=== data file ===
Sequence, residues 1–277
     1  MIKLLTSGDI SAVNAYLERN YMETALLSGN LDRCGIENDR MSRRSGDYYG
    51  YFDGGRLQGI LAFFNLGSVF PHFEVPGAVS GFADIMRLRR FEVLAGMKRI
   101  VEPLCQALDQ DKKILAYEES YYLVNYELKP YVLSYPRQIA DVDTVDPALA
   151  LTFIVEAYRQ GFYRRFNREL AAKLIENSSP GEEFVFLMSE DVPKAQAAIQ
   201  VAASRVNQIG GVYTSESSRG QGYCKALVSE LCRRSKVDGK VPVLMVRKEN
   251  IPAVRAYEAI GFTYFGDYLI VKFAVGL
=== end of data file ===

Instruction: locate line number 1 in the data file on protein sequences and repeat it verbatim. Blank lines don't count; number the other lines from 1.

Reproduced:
Sequence, residues 1–277